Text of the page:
Turn off the water supply to the shower. If you're keeping the shower arm, wrap a cloth or plumber's tape around both ends of the arm to protect it from scratches. Grip the shower arm with pliers while using a wrench to turn the nut counterclockwise.
using wrench on showerhead pipe white tiled wall Credit: Jacob Fox
Step 2: Out With the Old
Unscrew the showerhead. Remove the screw holding the flange in place, then remove the flange. Unscrew the shower arm using pliers at the base.
If the showerhead is stuck, soak the cloth in white vinegar, wrap it around the nut on the showerhead, and let it sit for a few minutes to loosen mineral deposits.
wrapping white tape around shower head pipe Credit: Jacob Fox
Step 3: Prepare the Arm
Wipe around the hole in the wall to remove grime. Tightly wrap five layers of plumber's tape clockwise around the end of the shower arm that goes into the wall. It's important to wrap the tape in the opposite direction of how the arm will twist into place.
sealant tape over shower head pipe Credit: Jacob Fox
Step 4: Secure Connection
Attach the end of shower arm into the pipe in the wall, turning clockwise. (Because you wrapped the tape clockwise in Step 3 as well, it's now turning counterclockwise, making a tight bond.) Replace the flange. Wrap three layers of tape around the exposed end of the shower arm.
woman attaching chrome rainfall shower head Credit: Jacob Fox
Step 5: Finish the Job
Screw the showerhead into place by hand. Protect the showerhead joint with a cloth or tape and then tighten with a wrench, turning clockwise, to prevent leaks and water-pressure issues.
Why Should You Replace the Showerhead?
If your existing showerhead is leaking, damaged or lacks the features you want from your shower, installing a new showerhead makes sense. Not all shower-related problems stem from the head, however. In some cases, you’ll need a new line or valve to improve water pressure.
If you’re not sure what’s causing the problems you’re experiencing with your shower, consider talking to a plumber. Some repair jobs are simple enough for general contractors to handle or for an enthusiastic DIYer to take on themselves. Others are best left to the professionals.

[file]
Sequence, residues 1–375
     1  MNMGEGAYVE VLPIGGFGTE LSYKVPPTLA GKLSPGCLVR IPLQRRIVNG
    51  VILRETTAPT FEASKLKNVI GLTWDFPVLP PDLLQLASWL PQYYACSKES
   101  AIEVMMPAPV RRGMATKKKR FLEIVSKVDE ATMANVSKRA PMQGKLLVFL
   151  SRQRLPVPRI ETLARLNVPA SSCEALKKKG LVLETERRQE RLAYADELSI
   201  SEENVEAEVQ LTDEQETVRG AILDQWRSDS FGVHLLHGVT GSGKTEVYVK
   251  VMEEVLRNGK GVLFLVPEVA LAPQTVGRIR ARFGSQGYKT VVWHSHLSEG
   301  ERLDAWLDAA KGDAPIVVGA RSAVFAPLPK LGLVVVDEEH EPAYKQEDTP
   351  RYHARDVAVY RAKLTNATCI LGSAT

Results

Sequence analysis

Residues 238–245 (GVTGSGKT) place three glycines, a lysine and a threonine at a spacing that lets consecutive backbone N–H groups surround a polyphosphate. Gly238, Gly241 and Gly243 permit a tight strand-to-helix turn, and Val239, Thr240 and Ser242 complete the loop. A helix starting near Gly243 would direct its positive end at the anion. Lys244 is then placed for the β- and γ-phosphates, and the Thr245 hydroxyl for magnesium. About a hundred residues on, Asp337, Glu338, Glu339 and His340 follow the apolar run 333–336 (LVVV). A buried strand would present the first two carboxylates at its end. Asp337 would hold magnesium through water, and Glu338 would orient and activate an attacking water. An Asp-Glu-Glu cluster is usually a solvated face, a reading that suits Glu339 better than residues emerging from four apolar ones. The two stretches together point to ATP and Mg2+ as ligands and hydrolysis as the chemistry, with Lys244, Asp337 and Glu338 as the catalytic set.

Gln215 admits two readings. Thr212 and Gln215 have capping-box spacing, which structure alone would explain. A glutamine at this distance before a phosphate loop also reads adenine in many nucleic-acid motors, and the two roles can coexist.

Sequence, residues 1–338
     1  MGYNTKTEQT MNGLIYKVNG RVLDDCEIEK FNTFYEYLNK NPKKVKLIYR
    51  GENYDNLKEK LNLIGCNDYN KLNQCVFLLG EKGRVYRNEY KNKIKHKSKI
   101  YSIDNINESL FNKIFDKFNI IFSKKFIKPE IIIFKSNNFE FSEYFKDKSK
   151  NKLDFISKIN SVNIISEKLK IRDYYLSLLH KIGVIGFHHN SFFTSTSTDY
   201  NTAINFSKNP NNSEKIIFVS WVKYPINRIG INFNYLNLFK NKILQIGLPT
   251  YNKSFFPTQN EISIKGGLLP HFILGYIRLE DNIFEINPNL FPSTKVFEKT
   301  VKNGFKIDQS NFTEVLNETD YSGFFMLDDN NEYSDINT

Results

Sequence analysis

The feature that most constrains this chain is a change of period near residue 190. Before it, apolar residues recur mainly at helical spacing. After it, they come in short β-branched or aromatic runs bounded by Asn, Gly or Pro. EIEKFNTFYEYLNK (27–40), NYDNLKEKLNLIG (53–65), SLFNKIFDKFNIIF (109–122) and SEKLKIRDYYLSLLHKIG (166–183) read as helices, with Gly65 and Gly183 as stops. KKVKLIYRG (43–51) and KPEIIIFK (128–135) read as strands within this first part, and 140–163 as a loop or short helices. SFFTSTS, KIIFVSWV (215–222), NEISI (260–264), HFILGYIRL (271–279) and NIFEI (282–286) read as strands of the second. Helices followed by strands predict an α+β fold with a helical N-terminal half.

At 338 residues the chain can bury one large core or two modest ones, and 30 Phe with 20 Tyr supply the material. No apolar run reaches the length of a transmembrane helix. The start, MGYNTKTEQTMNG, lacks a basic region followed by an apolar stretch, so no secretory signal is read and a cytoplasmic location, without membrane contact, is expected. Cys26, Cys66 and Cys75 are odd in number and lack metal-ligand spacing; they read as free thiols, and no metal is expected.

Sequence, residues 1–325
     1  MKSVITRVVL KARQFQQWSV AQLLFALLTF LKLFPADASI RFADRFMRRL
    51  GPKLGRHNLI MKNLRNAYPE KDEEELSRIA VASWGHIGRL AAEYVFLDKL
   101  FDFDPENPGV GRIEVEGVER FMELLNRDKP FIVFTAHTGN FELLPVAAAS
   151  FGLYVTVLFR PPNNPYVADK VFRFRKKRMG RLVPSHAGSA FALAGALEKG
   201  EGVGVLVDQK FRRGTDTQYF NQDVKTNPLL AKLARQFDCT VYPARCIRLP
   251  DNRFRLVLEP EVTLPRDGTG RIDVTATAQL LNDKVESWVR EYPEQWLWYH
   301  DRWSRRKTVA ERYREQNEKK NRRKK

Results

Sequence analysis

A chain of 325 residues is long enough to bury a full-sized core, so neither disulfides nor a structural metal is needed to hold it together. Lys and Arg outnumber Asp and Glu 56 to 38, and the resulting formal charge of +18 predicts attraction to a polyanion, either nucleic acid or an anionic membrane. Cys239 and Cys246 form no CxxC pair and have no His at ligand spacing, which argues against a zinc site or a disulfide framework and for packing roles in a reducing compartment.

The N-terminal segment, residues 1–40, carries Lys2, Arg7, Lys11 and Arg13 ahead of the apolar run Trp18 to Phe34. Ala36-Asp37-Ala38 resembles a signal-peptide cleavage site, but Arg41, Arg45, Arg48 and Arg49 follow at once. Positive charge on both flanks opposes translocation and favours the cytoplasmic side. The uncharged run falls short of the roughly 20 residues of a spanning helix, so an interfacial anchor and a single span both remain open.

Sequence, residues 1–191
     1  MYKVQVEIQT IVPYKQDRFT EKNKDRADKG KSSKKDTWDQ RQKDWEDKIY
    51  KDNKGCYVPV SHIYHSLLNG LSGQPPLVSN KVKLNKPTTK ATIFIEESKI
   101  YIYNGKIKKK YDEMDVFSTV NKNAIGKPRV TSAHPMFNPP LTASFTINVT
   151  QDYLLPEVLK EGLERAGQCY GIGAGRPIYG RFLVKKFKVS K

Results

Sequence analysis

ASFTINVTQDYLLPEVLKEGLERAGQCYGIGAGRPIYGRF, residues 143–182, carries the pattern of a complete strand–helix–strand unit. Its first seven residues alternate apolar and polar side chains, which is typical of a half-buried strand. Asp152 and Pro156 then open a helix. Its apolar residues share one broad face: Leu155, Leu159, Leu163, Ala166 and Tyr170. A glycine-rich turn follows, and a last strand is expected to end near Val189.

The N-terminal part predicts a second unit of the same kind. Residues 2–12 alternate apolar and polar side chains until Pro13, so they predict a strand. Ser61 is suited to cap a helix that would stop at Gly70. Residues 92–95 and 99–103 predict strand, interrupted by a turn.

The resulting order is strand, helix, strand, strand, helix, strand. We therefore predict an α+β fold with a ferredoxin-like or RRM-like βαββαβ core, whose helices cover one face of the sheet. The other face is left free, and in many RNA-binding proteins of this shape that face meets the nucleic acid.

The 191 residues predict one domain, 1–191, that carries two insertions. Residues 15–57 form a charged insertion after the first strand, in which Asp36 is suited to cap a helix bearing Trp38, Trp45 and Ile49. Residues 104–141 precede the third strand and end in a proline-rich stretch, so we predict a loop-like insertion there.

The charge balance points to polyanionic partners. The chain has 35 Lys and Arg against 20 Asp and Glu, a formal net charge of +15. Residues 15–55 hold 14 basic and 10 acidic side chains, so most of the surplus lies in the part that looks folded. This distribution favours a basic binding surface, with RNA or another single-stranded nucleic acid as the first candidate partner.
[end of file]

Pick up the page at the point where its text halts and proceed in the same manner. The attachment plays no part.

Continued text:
Before you spend money, take a look at your existing showerhead. You may be able to clean or repair it instead of purchasing a new one. Limescale buildup in a showerhead can cause a lot of flow-related problems that are easy to fix.
If you still have the documentation for your existing showerhead, check to see if it came with a limited lifetime warranty. With luck, the fault you’re experiencing will be covered, and you can get your shower working at full performance without spending a lot of money.
More Related Articles:
- How Much Does a Shower Remodel Cost?
- Let It Flow: Improve Low Water Pressure in the Shower
- How to Clean a Showerhead
- What Is a Shower Diverter Valve (and Why Should You Care?)
- Hot Water Ran Out While You’re in the Shower? 5 Reasons You’re Freezin’
Project step-by-step (3)
Step 1Remove the Old Showerhead Using a pair of plumbing pliers, remove your old showerhead by turning counterclockwise (to the left) on the coupling that connects the showerhead to the shower arm. (See photo.) Pro tip: Prevent scratching your new showerhead by covering the jaws of your pliers with tape. Step 2 Apply Plumber’s Tape Wrap the threads of the shower arm with a few rotations of plumber’s tape. (See photo.) Note: Some showerheads don’t require plumber’s tape. Check with the manufacturer specifications. Do It Right, Do It Yourself!
Step 3 Install the New Showerhead Fit the female coupling of the new showerhead onto the threads of the shower arm, then hand-tighten, turning it clockwise (to the right). Tighten the showerhead coupling another quarter-turn using a pair of plumbing pliers. (See photo.) Turn on the shower and check for leaks.
Originally Published: September 29, 2021